Anyway, not going into too much of the story, this dead woman was presented as a plain Jane, bespectacled, overweight, flower-print wearing, desperate woman who READ ROMANCE NOVELS NON-STOP. Her name was MARTHA. She's interested in MORTUARY STUDIES. Her roommate from that time explained that her head was "filled with that crap" and that she was constantly looking for her soul mate or whatever.

The point being made was that this woman's mindset was so lonely and so romantic that when she finally went to make a tape for a dating service, and when a good looking guy that the detectives called Rico Suave (remember him?! The scammer did sort of look like him) showed interest, she fell, hook and line and sinker, for him, after the initial stage of disbelief. That was my Argggh! stage. Because all romance readers can't differentiate reality from fantasy, you see. And oh, yeah, we're all plain, dumpy, lonely, and desperate females.

Okay, for the sake of watching this story unfold, I accept this premise, that this woman fell in love with Rico Suave. Lots of women have been scammed by charmers. BUT, wait, wait, there's more. Here comes the GAH moment. Upon finding Rico had, in the past, tricked women of similar kind out of their money and possessions, what did our lonely gal do? Did she call him names? Did she let him walk out of her life after a confrontation?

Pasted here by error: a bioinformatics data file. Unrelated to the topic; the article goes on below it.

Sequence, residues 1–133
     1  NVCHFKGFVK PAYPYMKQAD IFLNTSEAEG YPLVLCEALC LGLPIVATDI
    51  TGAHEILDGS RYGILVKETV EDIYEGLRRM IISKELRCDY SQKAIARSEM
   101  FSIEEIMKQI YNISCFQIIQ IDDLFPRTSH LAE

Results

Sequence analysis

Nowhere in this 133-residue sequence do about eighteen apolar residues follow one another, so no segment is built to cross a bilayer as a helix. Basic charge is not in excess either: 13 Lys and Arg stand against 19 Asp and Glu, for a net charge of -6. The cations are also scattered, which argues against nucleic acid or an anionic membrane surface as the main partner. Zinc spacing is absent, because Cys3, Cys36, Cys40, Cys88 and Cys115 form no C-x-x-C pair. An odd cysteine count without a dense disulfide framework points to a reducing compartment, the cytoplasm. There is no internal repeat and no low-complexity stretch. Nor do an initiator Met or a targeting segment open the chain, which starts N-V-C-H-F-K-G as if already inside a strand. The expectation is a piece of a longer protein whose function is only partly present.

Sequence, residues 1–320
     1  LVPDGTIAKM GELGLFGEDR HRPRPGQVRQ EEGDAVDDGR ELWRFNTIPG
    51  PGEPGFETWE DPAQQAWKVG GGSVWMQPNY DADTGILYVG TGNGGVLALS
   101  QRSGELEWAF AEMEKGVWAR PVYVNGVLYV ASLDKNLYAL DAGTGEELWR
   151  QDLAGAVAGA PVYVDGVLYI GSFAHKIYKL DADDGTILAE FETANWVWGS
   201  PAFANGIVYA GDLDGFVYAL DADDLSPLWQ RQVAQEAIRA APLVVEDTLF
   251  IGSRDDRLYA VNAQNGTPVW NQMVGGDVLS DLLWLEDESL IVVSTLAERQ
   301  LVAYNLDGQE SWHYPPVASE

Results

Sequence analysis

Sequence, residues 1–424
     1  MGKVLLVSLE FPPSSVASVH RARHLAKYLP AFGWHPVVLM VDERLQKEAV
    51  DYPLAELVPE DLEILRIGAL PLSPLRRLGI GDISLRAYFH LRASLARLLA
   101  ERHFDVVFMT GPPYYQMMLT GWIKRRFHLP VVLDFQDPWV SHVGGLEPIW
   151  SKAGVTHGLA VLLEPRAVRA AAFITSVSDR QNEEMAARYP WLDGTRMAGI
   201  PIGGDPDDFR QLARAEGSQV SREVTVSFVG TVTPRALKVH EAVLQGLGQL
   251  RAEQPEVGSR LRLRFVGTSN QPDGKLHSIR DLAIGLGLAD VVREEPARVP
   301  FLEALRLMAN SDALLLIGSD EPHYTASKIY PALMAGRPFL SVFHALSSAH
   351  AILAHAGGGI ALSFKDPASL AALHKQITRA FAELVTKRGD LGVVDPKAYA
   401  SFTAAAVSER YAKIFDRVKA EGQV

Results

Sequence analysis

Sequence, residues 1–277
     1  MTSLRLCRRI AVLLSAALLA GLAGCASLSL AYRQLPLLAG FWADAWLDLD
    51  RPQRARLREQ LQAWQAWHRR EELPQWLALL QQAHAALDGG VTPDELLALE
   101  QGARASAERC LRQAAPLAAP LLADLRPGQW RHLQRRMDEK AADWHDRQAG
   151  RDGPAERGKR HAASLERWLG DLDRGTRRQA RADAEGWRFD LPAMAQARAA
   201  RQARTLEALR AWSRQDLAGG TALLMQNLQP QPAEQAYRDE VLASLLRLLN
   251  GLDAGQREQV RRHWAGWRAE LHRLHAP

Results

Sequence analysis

No, no, no, no, no. She was a romance reader, and still in love with her idea of what love was. So she offered to be Bonnie to his Clyde (I didn't use this term), and that she would HELP him with his crime spree. She understood about loneliness and lonely women and what they wanted, she said, and she could HELP him get more than just credit cards and TVs. If he would let her stay with him, she would HELP him get rid of these women after he'd convinced them to hand over their life savings. You see, plain, lonely and dumpy women had secret cash stashes. She knew this because she led that life, you see. Gah! Gah! Gah!

Anyway, the romance-reading influence is carried throughout the whole hour with the woman now assuming NAMES from the novels she enjoyed (this was nicely noticed by the chubby detective who took it upon himself to read the leftover stash of romance books she'd left behind). And in the end, after presumably a year of killing off poor, besotted, lonely women, our girl couldn't live with herself any more because she realized this wasn't romantic or nice.

This leads to the part of the story where she was murdered. And the case was unresolved till now, with the playing of her tape at the suicide.

Presumably, Rico Suave offed our girl when he had no further use for her any more, right? Case close, right?

No, no, wait, there's more. Here's the "Oooh, neat twist!" part. The detectives found a shed that Rico Suave had rented and in it was sort of an altar of love, with memories and keepsakes of our girl Martha. There were also five other tapes in that storage, out of which four of the women died from being run over (different states, natch). I'll let you decide who the real killer was ;-).